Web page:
Craig Mod’s interview with Offscreen Magazine. “In my life, America is three locations: New York City, the Bay Area, and Asheville in North Carolina.” This writer/designer, who first impressed me with his review of the Apple Watch, lives in a small coastal town in Japan — some sort of digital-hipster James Bond. Things are very considered.

Saturday, March 24th, 2018

On artists with jobs. “That’s job jobs, the kind you hear about in stump speeches.” Speaking personally, I believe I knew a long time ago that this is a good path but I lacked the gumption to maybe be bored some of the day.

Sunday, March 18th, 2018

Enjoying a nice independent bookstore, Wilfred M. McClay suddenly feels microbetrayed by their abuse of the term “curate”. A nice little one lamenting PC language.

Friday, March 9th, 2018

Tyler Cowen has a modest proposal: polarized shopping. “You get better deals from the companies you patronize regularly, most of all from airlines and hotels. It requires only some stretch of the imagination to think that more of those programs could be organized around ideology.”

Tuesday, February 13th, 2018

Tyler Cowen’s work habits while traveling. “Go somewhere — perhaps somewhere dangerous or disgusting — and simply plan to spend your full, normal work/writing day there.” Because: “By the end of the trip it will feel like a full vacation anyway, that’s how silly your memory is.”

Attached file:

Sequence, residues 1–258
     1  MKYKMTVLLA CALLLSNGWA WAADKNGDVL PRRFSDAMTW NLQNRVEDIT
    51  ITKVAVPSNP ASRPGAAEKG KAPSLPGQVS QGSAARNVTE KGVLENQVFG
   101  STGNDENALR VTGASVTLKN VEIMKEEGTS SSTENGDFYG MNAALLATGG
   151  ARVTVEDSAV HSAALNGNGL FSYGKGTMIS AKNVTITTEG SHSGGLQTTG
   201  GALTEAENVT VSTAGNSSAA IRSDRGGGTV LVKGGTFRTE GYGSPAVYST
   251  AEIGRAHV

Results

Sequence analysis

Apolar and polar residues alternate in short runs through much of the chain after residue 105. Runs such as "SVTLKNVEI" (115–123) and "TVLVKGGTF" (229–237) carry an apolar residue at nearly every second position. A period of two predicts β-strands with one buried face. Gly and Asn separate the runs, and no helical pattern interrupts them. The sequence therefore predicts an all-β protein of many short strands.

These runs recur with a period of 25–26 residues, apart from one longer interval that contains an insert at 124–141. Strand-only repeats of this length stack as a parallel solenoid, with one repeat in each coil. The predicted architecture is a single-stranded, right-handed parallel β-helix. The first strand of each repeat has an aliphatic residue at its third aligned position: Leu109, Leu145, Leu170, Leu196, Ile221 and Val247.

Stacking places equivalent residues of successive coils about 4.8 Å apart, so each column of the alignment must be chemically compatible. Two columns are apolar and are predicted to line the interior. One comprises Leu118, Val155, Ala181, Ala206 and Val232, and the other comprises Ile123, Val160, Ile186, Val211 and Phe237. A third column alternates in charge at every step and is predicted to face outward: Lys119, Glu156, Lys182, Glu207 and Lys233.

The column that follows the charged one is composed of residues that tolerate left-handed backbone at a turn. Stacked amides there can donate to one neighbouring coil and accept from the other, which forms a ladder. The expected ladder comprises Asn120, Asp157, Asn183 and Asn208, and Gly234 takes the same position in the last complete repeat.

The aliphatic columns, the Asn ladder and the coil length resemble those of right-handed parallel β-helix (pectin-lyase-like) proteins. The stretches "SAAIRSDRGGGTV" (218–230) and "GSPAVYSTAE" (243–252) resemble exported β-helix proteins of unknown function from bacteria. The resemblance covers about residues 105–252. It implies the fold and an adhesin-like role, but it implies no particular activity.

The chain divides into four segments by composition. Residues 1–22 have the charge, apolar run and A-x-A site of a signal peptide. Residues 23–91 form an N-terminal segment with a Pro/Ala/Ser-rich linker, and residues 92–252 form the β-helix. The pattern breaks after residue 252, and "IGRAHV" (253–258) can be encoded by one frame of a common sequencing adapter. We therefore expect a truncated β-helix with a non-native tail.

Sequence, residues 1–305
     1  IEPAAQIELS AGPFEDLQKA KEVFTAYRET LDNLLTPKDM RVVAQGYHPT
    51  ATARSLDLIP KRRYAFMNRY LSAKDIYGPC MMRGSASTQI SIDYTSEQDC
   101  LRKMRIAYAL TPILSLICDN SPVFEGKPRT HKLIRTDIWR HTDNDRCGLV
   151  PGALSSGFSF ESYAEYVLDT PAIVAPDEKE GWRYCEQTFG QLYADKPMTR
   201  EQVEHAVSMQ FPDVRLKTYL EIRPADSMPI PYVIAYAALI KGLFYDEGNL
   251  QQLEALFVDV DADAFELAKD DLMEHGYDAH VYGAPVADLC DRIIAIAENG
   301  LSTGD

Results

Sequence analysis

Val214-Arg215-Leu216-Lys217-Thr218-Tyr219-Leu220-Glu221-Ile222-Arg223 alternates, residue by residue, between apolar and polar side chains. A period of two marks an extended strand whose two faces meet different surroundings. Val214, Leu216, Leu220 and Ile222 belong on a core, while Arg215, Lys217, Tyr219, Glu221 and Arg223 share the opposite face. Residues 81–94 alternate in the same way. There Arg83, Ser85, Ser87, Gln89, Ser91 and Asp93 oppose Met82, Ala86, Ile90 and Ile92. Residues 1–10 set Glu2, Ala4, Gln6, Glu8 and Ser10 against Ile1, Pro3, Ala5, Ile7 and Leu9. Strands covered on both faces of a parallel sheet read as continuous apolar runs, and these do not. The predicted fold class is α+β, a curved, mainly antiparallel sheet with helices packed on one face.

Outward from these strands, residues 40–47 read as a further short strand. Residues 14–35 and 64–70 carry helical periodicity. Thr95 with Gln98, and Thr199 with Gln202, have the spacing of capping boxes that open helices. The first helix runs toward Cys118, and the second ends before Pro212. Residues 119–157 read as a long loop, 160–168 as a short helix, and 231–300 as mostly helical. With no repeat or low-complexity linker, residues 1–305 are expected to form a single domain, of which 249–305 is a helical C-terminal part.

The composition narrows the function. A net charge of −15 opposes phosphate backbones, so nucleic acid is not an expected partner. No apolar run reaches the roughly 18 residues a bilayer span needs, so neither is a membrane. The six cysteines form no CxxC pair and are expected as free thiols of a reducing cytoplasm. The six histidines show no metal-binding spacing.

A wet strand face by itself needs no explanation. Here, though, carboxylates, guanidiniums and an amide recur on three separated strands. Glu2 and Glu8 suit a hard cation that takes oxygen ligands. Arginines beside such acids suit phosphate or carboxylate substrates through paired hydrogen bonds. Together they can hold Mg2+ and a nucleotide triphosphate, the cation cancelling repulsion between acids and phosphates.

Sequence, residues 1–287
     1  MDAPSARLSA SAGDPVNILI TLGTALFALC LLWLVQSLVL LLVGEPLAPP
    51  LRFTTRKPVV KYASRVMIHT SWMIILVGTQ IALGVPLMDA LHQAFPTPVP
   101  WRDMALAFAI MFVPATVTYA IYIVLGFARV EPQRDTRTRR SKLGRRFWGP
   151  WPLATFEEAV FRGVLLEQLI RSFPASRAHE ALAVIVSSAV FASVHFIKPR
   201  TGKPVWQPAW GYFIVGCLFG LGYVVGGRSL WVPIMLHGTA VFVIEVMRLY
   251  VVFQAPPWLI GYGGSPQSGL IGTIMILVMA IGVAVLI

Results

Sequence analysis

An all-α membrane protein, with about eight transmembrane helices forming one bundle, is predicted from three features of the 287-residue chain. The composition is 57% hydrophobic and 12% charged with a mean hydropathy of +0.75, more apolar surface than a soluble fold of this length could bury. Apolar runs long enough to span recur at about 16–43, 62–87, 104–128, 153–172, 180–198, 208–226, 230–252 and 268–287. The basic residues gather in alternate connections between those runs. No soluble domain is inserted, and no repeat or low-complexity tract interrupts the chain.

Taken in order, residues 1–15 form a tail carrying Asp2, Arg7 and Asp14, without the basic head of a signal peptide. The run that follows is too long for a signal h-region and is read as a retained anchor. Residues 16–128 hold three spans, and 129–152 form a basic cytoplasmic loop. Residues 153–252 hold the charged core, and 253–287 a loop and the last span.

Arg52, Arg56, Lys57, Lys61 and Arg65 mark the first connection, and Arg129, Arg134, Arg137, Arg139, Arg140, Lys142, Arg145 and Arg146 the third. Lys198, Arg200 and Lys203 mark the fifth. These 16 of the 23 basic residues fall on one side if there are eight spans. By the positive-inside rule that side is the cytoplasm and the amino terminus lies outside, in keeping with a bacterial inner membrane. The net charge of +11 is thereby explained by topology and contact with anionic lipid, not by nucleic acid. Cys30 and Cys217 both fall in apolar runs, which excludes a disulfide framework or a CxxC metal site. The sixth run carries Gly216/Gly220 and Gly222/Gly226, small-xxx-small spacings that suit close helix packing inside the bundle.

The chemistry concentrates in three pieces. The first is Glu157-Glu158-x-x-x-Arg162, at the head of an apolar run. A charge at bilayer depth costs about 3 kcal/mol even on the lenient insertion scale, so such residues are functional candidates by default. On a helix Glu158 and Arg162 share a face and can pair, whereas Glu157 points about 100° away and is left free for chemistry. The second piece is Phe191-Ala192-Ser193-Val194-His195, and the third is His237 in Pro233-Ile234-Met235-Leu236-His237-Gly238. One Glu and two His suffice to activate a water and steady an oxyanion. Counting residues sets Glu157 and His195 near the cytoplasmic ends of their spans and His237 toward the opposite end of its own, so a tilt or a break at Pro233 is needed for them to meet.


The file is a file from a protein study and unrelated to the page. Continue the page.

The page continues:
Monday, January 22nd, 2018

The em-dash, “a talented mimic impersonating other punctuation…” [via Adactio]

Wednesday, January 10th, 2018

Thursday, December 7th, 2017

City Journal has a nice new design by Goodfolk of Chicago. Dig the topics list, both the titles and their order. And on mobile at least the article titling over the imagery is intense.

Friday, November 24th, 2017

Jon Stewart with Howard Stern for some 90 minutes; they cover family, showbusiness, animal welfare. Two fine Yiddle, unlocked.

Tuesday, September 5th, 2017

I disagree with his conclusion as I love the new translation (and I disavow anything else on the same site, I disavow!), but here Dr. Joshua D. Wilson, a Baptist pastor, analyses the grammar behind the rather radical recent change in English translations of בְּרֵאשִׁית 1:1 from “In the beginning…” to “When God began…”

Wednesday, June 28th, 2017

What an internet treasure. Standard Ebooks is — according to their web site — “a volunteer driven, not-for-profit project that produces lovingly formatted, open source, and free public domain ebooks.” These are some beautiful, consistently-designed ebooks. The epub version works a charm in iBooks.

Monday, June 26th, 2017